The two-year starter has quick recognition and diagnosis the play very well and sniffs out screens quickly. Clark is very quick on twist and disengages from blocks very well. He has a good club move with a nice rip built in.
Clark has the quickness to be utilized in nickel packages on rush downs.
Keep an eye on: RB Kenneth Dixon (Louisiana Tech), WR Braxton Miller (Ohio State), WR Sterling Shepard (Oklahoma), OG Cody Whitehair (K-State), LB Kendrell Brothers (Missouri), CB Artie Burns (Miami), CB Will Remond (Mississippi), S Vonn Bell (Ohio State), S Karl Joseph (West Virginia)
Third round: No current pick
Keep an eye on: WR Leonte Carroo (Rutgers), OLB Charles Tapper (Oklahoma), DE Matt Ioannidis (Temple), DE Carl Nassib (Penn State), DT DJ Reader (Clemson), LB Joe Schobert (Wisconsin), DeAndre Houston-Carson (William & Mary)
4.126: WR Daniel Braverman, Western Michigan
Braverman, who is listed at 5-10, 177 pounds, is one of the hidden gems in this draft. He is a quick and shifty slot receiver that is quick in and out of his breaks.
The former Bronco will spend hours during pregame running the route tree and working on catches from different angles. The Florida native sells his fakes and stutters to perfection before making his cut. He has open-field vision similar that rivals Jamaal Charles and Dante Hall. Braverman’s balance and body control along the sidelines and out of breaks is arguably the best in the draft.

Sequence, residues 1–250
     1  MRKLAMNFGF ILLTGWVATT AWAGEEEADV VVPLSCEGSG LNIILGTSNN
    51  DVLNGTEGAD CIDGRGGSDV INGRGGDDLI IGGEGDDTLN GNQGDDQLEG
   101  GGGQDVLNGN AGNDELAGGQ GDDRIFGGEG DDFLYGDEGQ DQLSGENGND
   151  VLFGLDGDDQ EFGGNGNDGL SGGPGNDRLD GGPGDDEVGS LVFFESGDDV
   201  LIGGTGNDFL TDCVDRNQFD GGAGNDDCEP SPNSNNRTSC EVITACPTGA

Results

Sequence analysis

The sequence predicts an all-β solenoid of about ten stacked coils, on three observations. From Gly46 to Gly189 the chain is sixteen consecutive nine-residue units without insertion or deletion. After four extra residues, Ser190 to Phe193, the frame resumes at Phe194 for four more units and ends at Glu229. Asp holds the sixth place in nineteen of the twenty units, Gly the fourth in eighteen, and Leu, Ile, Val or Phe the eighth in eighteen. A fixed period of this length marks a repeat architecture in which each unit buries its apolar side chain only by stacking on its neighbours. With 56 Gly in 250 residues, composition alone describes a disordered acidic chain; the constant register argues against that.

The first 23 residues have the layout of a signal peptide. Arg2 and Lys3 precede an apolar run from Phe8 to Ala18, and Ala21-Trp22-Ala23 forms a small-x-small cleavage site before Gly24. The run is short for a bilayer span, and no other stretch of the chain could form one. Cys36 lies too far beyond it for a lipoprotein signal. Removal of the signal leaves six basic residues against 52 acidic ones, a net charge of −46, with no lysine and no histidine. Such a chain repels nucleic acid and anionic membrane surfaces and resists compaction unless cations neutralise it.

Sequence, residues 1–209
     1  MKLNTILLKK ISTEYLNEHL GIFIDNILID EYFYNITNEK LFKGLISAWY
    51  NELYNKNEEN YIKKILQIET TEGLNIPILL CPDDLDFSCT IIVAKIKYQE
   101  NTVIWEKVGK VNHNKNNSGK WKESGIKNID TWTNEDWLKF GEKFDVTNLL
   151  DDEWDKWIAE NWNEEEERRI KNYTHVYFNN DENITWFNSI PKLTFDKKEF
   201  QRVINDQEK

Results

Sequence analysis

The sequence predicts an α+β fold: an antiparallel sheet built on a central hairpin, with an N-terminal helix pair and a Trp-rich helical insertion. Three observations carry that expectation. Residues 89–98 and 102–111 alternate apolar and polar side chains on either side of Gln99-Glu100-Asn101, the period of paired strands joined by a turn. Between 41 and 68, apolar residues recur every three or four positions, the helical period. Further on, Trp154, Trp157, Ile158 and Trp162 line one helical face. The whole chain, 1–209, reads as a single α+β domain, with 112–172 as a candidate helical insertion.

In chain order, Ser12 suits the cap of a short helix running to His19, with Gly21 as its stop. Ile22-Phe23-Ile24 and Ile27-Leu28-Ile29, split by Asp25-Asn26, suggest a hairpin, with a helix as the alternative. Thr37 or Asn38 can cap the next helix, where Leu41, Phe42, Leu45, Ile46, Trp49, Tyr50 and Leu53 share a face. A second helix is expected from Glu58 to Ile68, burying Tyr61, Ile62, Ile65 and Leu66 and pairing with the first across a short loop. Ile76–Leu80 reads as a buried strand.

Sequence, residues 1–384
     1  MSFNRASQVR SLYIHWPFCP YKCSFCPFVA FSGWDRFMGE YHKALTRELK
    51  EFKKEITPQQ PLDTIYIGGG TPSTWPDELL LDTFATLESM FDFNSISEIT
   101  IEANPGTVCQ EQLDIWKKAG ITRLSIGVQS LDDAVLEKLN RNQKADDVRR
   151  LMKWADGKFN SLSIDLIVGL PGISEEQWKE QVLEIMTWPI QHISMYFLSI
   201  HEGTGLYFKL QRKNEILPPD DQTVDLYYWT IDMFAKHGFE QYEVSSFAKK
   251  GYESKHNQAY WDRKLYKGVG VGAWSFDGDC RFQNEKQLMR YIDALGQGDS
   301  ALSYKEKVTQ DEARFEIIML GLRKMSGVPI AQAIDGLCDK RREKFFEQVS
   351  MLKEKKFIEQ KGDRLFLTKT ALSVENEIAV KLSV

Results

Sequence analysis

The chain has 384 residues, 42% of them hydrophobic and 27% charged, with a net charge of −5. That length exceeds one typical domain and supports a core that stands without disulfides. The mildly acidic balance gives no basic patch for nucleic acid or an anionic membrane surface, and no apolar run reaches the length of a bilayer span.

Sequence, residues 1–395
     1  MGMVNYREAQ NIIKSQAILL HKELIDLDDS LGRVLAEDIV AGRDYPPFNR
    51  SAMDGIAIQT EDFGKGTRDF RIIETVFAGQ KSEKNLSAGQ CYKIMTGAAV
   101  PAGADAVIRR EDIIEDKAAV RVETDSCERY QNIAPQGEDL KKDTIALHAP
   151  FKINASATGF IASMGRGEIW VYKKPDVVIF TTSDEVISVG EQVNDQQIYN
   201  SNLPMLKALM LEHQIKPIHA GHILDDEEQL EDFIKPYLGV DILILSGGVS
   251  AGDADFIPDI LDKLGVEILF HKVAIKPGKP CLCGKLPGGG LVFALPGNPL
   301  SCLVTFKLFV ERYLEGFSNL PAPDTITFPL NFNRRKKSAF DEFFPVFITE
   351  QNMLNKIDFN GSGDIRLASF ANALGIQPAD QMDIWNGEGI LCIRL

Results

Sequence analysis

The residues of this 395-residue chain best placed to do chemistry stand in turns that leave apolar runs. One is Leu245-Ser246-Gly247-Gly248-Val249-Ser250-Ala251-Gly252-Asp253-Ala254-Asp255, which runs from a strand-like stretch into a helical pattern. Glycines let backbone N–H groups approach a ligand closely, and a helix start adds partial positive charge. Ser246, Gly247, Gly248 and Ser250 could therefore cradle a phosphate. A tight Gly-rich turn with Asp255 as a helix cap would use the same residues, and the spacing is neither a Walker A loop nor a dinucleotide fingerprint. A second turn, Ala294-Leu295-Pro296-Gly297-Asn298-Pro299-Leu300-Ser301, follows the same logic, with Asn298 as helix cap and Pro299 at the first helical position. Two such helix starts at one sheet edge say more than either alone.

The two-year starter would be an asset as a returner and slot receiver with a promising career ahead of him.
Keep an eye on: QB Cardale Jones (Ohio State), WR Aaron Burbridge (Michigan State), OG Connor McGovern (Missouri), OG Evan Boehm (Missouri), DE Bronson Kaufusi (BYU), LB Jaylon Smith (Norte Dame)
5.162: OG Max Tuerk, USC
The 6-5, 298-pound Tuerk is listed as a center, but has the potential to be a good guard in the NFL. He was arguably the best pulling guard before tearing his ACL in October.
Tuerk, a four-year starter, gets to the second level very quickly and out into space for screens and as the primary pulling guard. Tuerk maintains his blocks well, but will need to improve his strength to consistently drive defenders to the second level. He is relentless on finishing every block and will even attempt to block his defender when falling to the ground.